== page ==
Schools will remain closed and continue “distance learning” through the end of the academic year in June, and Ridgefield now counts 36 deaths from COVID-19 while 166 cases of the disease have been confirmed in town since the pandemic started.

The decision to keep schools closed was announced by Gov. Ned Lamont on Tuesday, May 5, and town officials said they are organizing a “short-term recovery team” that will engage members of the community in deciding how to safely reopen Ridgefield.

Both decisions are discussed in the Tuesday, May 5, update from the town Office of Emergency Management.

The town’s news release follows:

RIDGEFIELD, CT: May 5, 2020:

Health Director Ed Briggs reports that the number of cumulative positive COVID-19 tests is at 166. Sadly, the number of deaths is now at 36, with all but three associated with two care facilities.

Mr. Briggs also reports that with the focus now transitioning to contact tracing and follow up, the health department will move away from the focus on daily numbers.

  Governor Ned Lamont today announced that due to the ongoing COVID-19 pandemic, he is ordering in-person classes at all K-12 public school facilities in Connecticut to remain canceled for the rest of the 2019-2020 academic year and continue providing distance learning during this period.

Schools will also be required to continue providing meals to children under the school lunch and breakfast programs for consumption at home, as they have been throughout this emergency.

The governor is currently recommending virtual graduations, however, plans to make a final determination will be at a later date.

Governor Lamont is consulting with state and local education officials regarding whether summer school programming should commence as scheduled. He anticipates having guidance on that matter toward the end of this month.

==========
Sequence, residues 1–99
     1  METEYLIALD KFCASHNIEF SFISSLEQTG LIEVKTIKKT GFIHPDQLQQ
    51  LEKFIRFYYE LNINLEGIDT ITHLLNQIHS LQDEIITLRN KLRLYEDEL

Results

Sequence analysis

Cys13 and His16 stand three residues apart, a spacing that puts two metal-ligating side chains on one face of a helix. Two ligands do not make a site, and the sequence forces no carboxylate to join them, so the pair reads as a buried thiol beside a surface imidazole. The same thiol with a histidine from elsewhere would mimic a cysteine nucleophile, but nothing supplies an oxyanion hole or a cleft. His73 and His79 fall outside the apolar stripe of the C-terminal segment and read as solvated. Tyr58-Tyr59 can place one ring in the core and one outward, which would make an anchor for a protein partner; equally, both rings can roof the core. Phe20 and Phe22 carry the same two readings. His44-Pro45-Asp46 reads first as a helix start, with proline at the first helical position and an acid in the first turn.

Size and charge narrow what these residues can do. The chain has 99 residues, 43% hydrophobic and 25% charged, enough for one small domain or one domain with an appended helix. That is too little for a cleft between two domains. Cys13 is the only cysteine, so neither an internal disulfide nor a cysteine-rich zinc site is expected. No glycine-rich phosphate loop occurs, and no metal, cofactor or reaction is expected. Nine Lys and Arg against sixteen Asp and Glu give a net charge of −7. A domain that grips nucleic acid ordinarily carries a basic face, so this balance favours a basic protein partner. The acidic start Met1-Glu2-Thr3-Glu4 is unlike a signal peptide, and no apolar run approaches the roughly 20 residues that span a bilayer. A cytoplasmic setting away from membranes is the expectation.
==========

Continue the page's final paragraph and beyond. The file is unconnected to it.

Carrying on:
The Governor has also announced that camps can open as of June 29 with specific guidelines that will be announced on May 15.

  First Selectman Rudy Marconi announced today that he and Selectman Bob Hebert will lead a short-term recovery team that will include a representation of the community. The purpose of this team is to provide precise, considerate and safe best practices for re-opening our town.

More details will be provided shortly. This differs from long-term recovery programs in that it is an immediate response to the governor’s re-opening plan and will provide time-sensitive guidelines that take into consideration the best interest of the community.

  Residents are asked to continue their social distancing, wearing of face coverings and washing of hands, and not to relax their efforts. Other recommendations include limiting grocery store visits to once per week and avoiding all crowds.

Stay home, stay safe, stay healthy.